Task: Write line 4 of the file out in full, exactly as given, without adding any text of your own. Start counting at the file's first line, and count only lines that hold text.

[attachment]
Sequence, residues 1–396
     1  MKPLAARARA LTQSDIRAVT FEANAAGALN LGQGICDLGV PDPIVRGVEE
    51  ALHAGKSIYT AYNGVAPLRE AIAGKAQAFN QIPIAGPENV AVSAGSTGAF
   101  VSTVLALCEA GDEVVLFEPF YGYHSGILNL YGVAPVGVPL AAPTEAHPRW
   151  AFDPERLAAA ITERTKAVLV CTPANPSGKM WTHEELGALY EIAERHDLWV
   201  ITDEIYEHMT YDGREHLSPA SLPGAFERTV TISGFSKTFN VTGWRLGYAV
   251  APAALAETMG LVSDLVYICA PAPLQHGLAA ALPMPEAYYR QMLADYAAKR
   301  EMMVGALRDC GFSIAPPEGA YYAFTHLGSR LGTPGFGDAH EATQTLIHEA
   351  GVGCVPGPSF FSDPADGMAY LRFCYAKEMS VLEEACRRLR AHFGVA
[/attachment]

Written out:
   101  VSTVLALCEA GDEVVLFEPF YGYHSGILNL YGVAPVGVPL AAPTEAHPRW